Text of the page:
Whilst there was little wind of any direction or strength at the start of the day with the forecast being for the wind to be South Westerly as the day progressed a decision was made for the launch point to be set up in the North East corner of the field. With a keen and enthusiastic group of members all demonstrating great teamwork to get everything ready to go it was not long before flying could start.

A quick group discussion was completed to work out a plan for the morning's flying which included allocating the K21 and K13 for solo flying to complement the Junior being available for same. And then it was all systems go with the Instructors having various levels of "fun" with training and card check duties. Flying continued throughout the morning, lunch was called at 1 when everyone stopped, took on board food and drink (non alcoholic) and then it was on with some more flying in the afternoon.
Lining up (Mike Sloggett)
Just before lunch at one stage there were four gliders making use of the sporadic thermals around the airfield with John Borland completing a soaring flight of 45mins in K13 (R37). The day saw Mark Courtney completing some aerotows and then changing hats to help Pete Smith and Mike Sloggett with the instructing duties. And slowly but surely the flying list was worked through until by just before 6 everyone had flown.
North Hill (Mike Sloggett)
Well done to Dave Cowley who has been 'signed off' as a winch driver and to Hans Jenssen who (after offering Mike Sloggett the opportunity to 'throw anything at him') made good progress towards his Red Card and as part of same continued his winch driver training.

During the day we welcomed Roger Spall, visiting from Canada, and also Gordon Hodgson, a friend of Ian Hunt, who had his first glider flight for many years and said the winch launch was still just as "interesting" (translated from his actual words on the launch!)

Well Done everyone for great teamwork on what was the second Thursday of flying in October - can we make it three in a row next Thursday? - Mike Sloggett

Thursday 12th October - Portmoak

There was a lot of cloud just above the hill this morning, and after a couple of quite heavy showers which washed the gliders out of the sky on a mass landing, lunch was called.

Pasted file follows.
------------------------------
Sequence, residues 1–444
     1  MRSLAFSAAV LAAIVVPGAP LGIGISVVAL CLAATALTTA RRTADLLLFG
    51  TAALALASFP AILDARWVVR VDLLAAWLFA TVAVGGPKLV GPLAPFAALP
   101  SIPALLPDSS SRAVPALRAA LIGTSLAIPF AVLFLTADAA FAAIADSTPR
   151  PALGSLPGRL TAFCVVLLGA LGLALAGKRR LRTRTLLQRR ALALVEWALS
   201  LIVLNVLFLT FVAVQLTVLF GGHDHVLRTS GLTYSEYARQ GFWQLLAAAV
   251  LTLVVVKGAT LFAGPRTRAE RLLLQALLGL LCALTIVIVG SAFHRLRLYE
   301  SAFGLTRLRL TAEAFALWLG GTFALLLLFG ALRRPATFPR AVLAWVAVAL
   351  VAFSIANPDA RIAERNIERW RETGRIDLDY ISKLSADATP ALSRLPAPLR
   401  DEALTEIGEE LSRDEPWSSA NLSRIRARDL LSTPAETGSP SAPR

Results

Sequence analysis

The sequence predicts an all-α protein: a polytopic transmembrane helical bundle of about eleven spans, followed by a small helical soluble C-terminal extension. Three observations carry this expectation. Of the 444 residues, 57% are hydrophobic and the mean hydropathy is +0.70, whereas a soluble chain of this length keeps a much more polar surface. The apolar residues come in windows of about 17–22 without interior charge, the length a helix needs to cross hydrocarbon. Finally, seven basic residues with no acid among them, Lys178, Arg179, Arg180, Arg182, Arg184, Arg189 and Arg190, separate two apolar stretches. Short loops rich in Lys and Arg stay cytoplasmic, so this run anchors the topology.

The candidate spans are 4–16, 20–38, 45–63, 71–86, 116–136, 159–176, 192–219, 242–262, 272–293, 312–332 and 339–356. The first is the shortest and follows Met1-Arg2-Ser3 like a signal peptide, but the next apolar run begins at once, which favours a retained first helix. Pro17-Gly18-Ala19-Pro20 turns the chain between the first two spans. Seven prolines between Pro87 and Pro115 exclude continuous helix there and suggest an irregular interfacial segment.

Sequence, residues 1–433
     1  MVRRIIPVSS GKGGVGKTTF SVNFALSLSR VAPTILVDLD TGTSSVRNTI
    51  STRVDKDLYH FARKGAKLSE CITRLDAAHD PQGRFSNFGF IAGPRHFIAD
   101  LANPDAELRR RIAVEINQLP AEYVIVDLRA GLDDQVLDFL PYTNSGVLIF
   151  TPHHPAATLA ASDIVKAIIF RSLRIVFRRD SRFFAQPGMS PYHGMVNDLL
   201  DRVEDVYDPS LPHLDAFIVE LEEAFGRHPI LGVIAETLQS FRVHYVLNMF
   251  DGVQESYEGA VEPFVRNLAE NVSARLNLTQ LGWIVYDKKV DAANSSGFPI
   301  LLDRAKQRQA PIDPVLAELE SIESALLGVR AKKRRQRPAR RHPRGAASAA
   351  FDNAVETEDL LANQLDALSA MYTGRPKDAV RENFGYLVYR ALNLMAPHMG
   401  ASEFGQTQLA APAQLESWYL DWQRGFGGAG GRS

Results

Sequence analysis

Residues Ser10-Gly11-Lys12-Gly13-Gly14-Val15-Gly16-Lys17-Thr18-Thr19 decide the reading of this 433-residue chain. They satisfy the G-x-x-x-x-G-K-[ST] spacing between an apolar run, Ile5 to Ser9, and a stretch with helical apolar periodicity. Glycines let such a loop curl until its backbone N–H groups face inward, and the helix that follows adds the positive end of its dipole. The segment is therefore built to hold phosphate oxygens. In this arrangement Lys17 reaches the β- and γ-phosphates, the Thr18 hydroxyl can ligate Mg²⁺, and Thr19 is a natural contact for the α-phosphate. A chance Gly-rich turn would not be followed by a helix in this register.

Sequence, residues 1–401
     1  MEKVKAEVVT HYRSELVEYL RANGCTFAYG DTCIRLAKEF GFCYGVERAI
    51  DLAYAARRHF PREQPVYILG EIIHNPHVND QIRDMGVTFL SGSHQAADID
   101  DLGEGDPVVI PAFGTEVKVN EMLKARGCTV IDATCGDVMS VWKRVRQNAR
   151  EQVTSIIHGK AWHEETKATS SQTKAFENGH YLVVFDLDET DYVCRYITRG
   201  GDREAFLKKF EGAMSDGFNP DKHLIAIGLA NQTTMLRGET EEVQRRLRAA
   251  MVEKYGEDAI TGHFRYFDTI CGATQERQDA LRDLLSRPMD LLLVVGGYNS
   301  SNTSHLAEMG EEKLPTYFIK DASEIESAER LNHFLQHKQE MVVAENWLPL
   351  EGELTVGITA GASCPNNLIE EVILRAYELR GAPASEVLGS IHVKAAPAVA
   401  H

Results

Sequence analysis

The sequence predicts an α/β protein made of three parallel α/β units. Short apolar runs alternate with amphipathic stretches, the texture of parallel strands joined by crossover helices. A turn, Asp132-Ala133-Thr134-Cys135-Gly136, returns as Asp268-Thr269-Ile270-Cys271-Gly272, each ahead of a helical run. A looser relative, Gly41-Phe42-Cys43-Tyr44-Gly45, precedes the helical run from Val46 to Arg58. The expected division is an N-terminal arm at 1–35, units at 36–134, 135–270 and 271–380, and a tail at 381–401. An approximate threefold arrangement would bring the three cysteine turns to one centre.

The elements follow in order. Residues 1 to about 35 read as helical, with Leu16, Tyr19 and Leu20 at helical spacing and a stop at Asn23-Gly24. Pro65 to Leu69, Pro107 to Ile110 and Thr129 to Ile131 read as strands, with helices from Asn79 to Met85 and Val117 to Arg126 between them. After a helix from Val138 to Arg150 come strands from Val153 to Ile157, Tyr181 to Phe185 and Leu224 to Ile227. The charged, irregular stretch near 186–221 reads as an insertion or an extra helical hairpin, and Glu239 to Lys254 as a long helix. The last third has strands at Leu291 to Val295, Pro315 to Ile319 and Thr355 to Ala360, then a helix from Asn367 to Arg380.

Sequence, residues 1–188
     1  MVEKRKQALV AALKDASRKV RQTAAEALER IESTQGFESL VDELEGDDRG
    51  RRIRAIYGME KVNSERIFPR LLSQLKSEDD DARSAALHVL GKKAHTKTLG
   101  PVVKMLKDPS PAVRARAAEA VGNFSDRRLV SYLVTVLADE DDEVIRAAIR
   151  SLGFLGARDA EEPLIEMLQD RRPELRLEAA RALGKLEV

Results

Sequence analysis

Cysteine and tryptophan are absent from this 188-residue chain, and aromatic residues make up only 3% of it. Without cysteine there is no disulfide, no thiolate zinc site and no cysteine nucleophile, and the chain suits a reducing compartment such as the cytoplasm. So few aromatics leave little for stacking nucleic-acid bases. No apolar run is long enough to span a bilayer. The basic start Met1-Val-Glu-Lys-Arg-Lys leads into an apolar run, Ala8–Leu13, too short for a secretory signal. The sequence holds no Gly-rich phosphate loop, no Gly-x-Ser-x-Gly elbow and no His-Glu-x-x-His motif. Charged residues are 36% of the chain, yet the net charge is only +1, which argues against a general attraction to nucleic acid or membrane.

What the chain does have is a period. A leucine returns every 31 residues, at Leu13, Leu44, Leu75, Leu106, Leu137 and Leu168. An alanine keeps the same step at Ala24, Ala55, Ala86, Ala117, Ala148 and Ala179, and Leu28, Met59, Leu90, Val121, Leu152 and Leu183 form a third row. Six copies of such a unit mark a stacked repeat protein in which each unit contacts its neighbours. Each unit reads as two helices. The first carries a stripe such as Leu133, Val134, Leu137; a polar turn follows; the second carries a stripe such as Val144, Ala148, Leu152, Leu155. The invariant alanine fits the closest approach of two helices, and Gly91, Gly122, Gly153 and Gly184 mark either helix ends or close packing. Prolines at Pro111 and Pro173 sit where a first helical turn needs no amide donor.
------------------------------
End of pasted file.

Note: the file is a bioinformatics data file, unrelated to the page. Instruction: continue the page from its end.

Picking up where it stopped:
A lot of cloud in the morning (Jill Harmer)
After lunch, there were signs of more threatening showers so some gave it a go and others towed back to derig. 

Eventually the sky opened up with some stripey clouds, and Paul Medlock HMS got to 2600ft, whilst Pete Startup 230 surpassed the locals reaching 8000ft. Pete also added a few more kilometres to his record attempt for the week of  'Bishop bashing' - 2000kms and 400 laps so far. 
Stripey sky later (Jill Harmer)
With the potential Ophelia effect expected, most have packed up to head south or southwest. - J&P

Wednesday 11th October - Portmoak

It was a wet start, with horizontal drizzle at times, but it was forecast to go through by lunchtime. As the Bishop gradually became visible, the gliders were prepared for the afternoon flying. 
Woolly's gone native (Ron Johns)
 Wyn was on the front of the queue in W7,  followed by Ron and Woolly in 711 and Pete Startup in 230. They had an extended period of avoiding the orographic clouds before the bright sunshine turned up and the Bishop got quite busy  with everyone up to 2000ft. 
It wasn't working! (Wyn Davies)
Some storm clouds passed by and late in the afternoon, the best we could make was 3000ft. 
Loch Leven (Jill Harmer)
So a little disappointing that no decent wave appeared, but the ridge and Loch Leven looked beautiful in the clear air. - J&P

Tuesday 10th October - Portmoak

The locals made an early start and dragged us out of bed to launch, (well not quite) but Wyn Davies in W7 took the first visitor launch around 9:00am, he pulled off at 4000ft from the Eurofox at the Motorway, but was back on the ridge within the hour. To be fair the locals didn't do much either. 
Wyn searching for wave (Wyn Davies)
The rest of the morning was spent beating up and down Bishop, at levels up to 3500ft but Paul Carpenter in 256 managed to get above 4000ft.

The wave bars were evident at times but unreachable and the promised rainy drizzle arrived on schedule at 14:00, but everyone enjoyed their flights. - J&P